Taylor's symptoms began when she was 8-years-old.

"I coughed, and she covered her ears, and she ran away," Bernadette said.

Eventually, it grew much worse.

"She's hit my head against the wall.  She's kicked me.  She's pushed me," Bernadette said, "just whatever she can [do] to stop the sound from coming from me. "

Once the rages pass, Bernadette said Taylor immediately feels remorse for her behavior.  But the teen told 20/20 that when in the grips of such a rage triggered by an offending sound, that "sound will replay in my mind until I get the anger out ... until I somehow get out all my frustration."

Audiologist Marsha Johnson of the Oregon Tinnitus and Hyperacusis Treatment Center is one of the only experts who treats misophonia patients.  Johnson said the cause of misophonia is suspected to be a "neurological glitch in a very low level of the brain."

Watch the full story on 20/20 Friday at 10 p.m. ET.

Copyright 2012 ABC News Radio


Rare Condition: College Student Suffers From ‘Hatred of Sound’

iStockphoto/Thinkstock(NEW YORK) -- For Emma Riehl, attending her college classes is a form of torture.  But she doesn’t blame the subject matter or the homework.

Riehl, 19, lives with a rare and still mostly unknown condition called misophonia.  Meaning “hatred of sound,” misophonia makes it difficult to tolerate everyday sounds such as chewing, coughing, even breathing.  Those who have it find the noises so intrusive that they can’t remain in the same area as the person making them.

Unlike people who find these noises merely irritating, people with misophonia have an extreme reaction that often leads to lives of isolation.

The specific sounds of sniffling and chewing make Riehl feel anxious, distressed and violent.  In her video diary, she describes her daily struggle to overcome the rage she feels whenever she hears these “trigger” sounds.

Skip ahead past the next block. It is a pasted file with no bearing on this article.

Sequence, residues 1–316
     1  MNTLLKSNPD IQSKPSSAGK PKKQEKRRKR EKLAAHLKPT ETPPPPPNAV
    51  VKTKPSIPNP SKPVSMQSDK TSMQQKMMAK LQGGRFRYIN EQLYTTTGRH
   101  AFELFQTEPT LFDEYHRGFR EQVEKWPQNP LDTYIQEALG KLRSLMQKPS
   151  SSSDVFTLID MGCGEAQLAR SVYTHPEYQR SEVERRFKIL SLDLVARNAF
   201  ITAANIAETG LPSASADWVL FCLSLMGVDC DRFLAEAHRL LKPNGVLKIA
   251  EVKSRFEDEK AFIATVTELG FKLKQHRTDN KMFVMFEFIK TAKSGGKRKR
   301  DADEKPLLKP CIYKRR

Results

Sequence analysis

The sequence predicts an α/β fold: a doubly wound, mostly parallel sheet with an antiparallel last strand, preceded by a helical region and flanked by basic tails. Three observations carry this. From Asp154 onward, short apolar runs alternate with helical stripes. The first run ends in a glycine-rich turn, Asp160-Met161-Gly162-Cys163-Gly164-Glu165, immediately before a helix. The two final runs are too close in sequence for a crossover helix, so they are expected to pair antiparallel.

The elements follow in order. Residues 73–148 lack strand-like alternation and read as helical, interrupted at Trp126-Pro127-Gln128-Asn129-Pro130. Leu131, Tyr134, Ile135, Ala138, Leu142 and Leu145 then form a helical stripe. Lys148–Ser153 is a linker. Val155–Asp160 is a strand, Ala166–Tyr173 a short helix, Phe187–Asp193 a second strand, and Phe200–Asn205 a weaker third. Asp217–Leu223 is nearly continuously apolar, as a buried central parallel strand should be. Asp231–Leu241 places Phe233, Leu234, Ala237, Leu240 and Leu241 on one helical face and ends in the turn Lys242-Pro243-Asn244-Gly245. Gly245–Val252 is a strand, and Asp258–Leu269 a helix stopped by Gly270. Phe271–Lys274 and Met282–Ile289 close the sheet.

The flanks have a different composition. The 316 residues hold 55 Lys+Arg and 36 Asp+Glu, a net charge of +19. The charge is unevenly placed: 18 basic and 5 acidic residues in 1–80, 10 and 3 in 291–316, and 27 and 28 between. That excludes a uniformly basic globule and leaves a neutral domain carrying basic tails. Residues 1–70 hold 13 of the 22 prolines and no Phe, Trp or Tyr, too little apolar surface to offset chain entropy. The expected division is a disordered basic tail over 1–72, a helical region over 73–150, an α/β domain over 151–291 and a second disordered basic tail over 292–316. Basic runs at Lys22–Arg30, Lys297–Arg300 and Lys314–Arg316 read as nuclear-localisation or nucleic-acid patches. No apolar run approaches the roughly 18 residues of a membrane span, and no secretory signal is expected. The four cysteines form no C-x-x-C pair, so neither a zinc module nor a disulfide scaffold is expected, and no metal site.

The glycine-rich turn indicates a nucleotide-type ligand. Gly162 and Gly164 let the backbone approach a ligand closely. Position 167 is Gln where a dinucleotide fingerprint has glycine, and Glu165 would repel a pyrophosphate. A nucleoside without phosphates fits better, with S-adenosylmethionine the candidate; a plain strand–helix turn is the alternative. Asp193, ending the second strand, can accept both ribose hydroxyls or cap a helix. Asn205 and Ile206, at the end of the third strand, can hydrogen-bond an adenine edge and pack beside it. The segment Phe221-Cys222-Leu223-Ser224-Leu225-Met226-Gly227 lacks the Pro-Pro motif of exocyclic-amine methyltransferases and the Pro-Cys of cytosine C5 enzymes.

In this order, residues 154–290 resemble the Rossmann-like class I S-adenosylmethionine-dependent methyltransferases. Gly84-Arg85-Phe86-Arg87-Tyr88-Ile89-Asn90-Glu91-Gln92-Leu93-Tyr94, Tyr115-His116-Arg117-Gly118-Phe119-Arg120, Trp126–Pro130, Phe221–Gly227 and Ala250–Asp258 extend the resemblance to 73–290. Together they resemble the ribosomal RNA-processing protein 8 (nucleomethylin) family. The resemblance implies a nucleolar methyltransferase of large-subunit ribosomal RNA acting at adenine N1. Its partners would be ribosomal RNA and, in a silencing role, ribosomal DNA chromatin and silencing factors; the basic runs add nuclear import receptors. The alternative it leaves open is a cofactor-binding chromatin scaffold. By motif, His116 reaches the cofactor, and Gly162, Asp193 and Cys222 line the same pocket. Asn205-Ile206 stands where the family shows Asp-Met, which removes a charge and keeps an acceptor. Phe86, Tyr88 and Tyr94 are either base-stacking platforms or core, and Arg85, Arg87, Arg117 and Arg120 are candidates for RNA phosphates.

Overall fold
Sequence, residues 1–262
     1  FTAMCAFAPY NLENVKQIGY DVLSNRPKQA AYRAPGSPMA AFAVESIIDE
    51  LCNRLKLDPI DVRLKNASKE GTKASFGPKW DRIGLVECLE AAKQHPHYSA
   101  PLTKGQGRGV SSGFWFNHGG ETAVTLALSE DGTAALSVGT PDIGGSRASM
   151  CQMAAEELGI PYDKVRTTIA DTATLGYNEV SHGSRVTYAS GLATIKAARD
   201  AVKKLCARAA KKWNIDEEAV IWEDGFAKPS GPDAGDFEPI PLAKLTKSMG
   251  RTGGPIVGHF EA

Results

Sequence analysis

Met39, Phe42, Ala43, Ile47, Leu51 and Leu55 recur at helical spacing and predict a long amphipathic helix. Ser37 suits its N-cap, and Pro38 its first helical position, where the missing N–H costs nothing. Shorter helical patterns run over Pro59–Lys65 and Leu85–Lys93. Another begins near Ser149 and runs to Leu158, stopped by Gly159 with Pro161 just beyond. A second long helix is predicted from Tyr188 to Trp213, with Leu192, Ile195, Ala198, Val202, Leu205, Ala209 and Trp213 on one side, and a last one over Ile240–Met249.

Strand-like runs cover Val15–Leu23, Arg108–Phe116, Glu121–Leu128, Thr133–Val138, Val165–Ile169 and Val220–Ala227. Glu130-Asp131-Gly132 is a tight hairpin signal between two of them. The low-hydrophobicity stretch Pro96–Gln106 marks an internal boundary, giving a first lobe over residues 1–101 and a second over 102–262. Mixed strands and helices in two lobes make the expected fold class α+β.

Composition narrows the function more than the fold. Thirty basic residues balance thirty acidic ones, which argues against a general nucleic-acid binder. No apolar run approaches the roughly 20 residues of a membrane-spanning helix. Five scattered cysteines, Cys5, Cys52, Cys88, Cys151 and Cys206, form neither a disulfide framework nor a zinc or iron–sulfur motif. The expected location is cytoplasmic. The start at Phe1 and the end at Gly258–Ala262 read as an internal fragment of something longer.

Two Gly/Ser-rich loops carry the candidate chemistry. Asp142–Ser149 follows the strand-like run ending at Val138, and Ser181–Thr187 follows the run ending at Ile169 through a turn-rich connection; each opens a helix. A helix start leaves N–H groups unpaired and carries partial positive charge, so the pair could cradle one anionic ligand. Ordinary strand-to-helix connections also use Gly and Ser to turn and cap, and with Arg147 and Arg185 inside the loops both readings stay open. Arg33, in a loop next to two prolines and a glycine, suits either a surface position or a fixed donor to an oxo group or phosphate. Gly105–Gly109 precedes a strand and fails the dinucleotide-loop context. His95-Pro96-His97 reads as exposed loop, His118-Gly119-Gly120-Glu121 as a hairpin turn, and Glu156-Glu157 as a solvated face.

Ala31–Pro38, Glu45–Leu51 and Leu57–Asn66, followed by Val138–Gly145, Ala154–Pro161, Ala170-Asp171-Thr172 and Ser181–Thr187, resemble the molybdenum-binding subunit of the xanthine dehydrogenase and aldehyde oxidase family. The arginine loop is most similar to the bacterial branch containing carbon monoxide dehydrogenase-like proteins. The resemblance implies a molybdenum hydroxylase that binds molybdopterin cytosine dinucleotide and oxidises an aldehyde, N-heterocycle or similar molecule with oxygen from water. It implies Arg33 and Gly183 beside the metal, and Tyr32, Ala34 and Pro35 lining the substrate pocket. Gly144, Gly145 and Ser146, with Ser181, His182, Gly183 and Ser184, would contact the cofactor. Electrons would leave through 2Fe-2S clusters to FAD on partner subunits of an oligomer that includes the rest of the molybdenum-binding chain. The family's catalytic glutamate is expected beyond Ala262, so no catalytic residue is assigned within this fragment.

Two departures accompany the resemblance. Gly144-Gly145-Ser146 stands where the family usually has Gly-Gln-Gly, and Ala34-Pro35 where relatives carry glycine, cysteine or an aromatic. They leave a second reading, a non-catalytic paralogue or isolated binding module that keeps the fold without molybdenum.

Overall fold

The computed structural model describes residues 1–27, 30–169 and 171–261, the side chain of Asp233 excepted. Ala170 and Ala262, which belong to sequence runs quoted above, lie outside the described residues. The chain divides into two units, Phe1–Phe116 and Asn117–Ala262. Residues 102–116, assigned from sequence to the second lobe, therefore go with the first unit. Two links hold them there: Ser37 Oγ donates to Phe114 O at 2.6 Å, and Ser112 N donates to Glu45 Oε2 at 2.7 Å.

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Unable to participate in the typical college social scene, she lives alone and constantly wears headphones.

There is no cure for misophonia, but Riehl believes that eating a healthy diet and keeping to a strict schedule of exercise help her ease the stress caused by her condition.

Although there has been limited research, some experts believe misophonia has a genetic link and could result from a neurological defect.

Copyright 2012 ABC News Radio


Science Behind the 'Cocktail Party Effect'

Allan Danahar/Thinkstock(SAN FRANCISCO) -- It’s a familiar scene: you’re at a crowded party, but despite all the noise, you’re still able to make out the words of the one person with whom you’re talking.

Researchers from the University of California, San Francisco studied this phenomenon, known as the “cocktail party effect,” and found it has both psychological and neurological components.  Their data is published in the latest issue of the journal Nature.

What happens from a neurological standpoint is that the sounds all enter the ear as one cacophonous roar, but the brain processes all the information and tunes into one sound, such as a person’s voice, and filters out the rest.

“The psychological component is that it’s a sound we want or need to hear, which is why we can tune into it,” said co-author Dr. Edward Chang, an assistant professor of neuroscience.

Chang and postdoctoral scholar Rima Mesgarani looked at this effect in three subjects who were undergoing treatment for epilepsy.  All three had normal hearing and were able to process speech normally.  The authors hooked the subjects up to electrodes and asked them to listen to two speakers, but only focus on one.

By measuring brain activity, they were able to determine what the subjects heard, and found that their brains responded to the targeted speaker.

This line of research is important, Chang said, because it can contribute to the understanding of how language processing is impaired in people with attention deficit disorder, autism, disorders involving the learning of language and deficits that occur as people get older.